There are many forms of debate: from evidence-centric, fast-speaking (“spreading”) styles such as Policy Debate, in which students debate one topic for the entire year, to the more rhetorically persuasive forms like American Parliamentary Debate, where specific knowledge and empirics are not allowed and one side introduces the topic for debate at the beginning of each round. In the middle of the spectrum lies Public Forum Debate: the newest of the high school events, designed to promote discourse on current events through a monthly topic, in a format designed to be accessible to any lay-person judge. Events that allow for evidence-based preparation on a national topic—Policy, Lincoln-Douglas, and Public Forum—are the most applicable to law. Events like American Parliamentary debate require less preparation, but allow debaters to practice making persuasive extemporaneous speeches as well as to think quickly and critically.
This piece is focused on the way that debaters learn to understand and love arguments through preparation in competitive, evidence-based events. In such events, each debater is responsible for arguing for both sides of a topic. Thus, like law, debaters do not necessarily choose their side. Every tournament competitor (comprised of one or two students) has at least one prepared case per side, which details the empirical and normative arguments that comprise their advocacy. Empirical claims must be well warranted and supported by evidence that is properly cited and available for review. With limited preparation time during the round, debaters must also prepare for extemporaneous rebuttal speeches. Successful debaters enter a tournament prepared to answer arguments with thoughtful, evidence-based responses. They do so by preemptively constructing answers to their opponents’ rebuttals and their opponents’ rebuttals to those answers.
The best debaters will become experts on the topic—they will know what the topic literature says, in addition to what makes a study or a reasoned argument more or less valid than another. However, the key to success in debate is strategy: debaters should understand how to win with their position before the round begins. In order to do so, debaters must tell a compelling story about why their arguments entail that the judge ought to affirm or negate the resolution—why they “outweigh” their opponents’ arguments. They also must understand the proper way to adjudicate a round. This step is essential, because judges are not supposed to consider analyses that are not introduced in a speech when they determine which arguments are the most accurate or the most important. Moreover, as with law, the application and interpretation of burdens of proof in debate are central to decision making. Thus, great debaters will have a plethora of information on which to draw on, but will win by connecting that information to larger arguments for why their position and their sorts of arguments should be preferred to those of their opponents.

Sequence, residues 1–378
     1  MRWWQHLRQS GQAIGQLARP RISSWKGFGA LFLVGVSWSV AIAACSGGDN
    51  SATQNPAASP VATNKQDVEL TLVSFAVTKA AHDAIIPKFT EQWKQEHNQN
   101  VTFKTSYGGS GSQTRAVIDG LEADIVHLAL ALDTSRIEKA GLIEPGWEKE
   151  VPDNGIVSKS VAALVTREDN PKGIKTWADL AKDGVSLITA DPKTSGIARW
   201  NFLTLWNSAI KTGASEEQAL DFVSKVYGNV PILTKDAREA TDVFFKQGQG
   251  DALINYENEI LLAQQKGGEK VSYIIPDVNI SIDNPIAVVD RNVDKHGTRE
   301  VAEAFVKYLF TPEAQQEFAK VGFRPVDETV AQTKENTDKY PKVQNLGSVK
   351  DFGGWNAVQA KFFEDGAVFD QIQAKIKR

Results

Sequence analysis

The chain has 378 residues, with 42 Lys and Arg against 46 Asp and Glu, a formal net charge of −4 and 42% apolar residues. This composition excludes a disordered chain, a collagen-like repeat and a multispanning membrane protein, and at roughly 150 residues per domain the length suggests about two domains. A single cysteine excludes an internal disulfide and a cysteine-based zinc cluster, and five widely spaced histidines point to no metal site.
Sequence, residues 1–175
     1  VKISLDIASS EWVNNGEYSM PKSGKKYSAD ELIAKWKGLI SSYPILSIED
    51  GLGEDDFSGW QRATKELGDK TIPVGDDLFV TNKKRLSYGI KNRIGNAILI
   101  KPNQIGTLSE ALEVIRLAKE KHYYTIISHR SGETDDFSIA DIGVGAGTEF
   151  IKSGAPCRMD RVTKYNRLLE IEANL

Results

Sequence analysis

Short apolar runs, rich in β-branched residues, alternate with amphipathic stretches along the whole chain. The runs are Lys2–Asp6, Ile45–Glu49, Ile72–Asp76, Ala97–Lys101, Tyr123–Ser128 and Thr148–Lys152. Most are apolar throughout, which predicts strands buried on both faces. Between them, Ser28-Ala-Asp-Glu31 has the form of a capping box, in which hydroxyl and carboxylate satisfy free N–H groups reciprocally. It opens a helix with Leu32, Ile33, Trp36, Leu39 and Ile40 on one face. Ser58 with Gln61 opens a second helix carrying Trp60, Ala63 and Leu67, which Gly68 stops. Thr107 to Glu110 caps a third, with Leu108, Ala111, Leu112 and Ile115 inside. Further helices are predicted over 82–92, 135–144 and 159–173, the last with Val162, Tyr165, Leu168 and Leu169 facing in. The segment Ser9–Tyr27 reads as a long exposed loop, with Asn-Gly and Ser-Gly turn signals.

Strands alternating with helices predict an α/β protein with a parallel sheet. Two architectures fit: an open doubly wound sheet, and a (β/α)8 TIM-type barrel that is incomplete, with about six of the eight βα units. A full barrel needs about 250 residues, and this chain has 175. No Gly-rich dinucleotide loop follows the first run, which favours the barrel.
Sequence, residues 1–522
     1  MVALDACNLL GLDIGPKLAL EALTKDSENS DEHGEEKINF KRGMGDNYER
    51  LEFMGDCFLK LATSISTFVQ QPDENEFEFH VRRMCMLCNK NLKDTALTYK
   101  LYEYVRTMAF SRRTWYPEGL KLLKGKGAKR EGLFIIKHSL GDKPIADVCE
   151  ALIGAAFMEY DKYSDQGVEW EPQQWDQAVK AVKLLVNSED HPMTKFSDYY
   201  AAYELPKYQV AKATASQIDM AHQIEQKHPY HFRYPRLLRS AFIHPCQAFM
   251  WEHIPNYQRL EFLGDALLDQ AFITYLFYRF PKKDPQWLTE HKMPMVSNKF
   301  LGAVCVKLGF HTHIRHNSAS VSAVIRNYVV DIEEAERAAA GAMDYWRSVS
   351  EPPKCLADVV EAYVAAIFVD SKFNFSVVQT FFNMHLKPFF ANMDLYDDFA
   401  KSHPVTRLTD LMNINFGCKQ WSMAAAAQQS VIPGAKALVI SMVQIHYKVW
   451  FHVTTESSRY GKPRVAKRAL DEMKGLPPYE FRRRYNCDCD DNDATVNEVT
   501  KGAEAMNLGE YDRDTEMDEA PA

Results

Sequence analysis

When developing strategy, the first step is to prepare in light of a thoughtful interpretation of the resolution. Debaters must use theory, history, and empirical research to develop creative and persuasive arguments that are tied closely to the meanings of terms and propositions in the resolution, with a similar attention to detail and context that lawyers and judges use when interpreting and applying codified laws. For the debater, the semantic content of every word of the resolution is relevant in the round. From a word’s dictionary definition and its intended use by the framers, to its use in current events and relevant literature as a “term of art,” semantic arguments are important tools in the debater’s arsenal. One well-planned argument for a particular usage of a term can make an opponents’ entire position irrelevant—or “nontopical.” As a result, most teams will use dictionary or industry-standard definitions to explicate the resolution in a way that most benefits their side.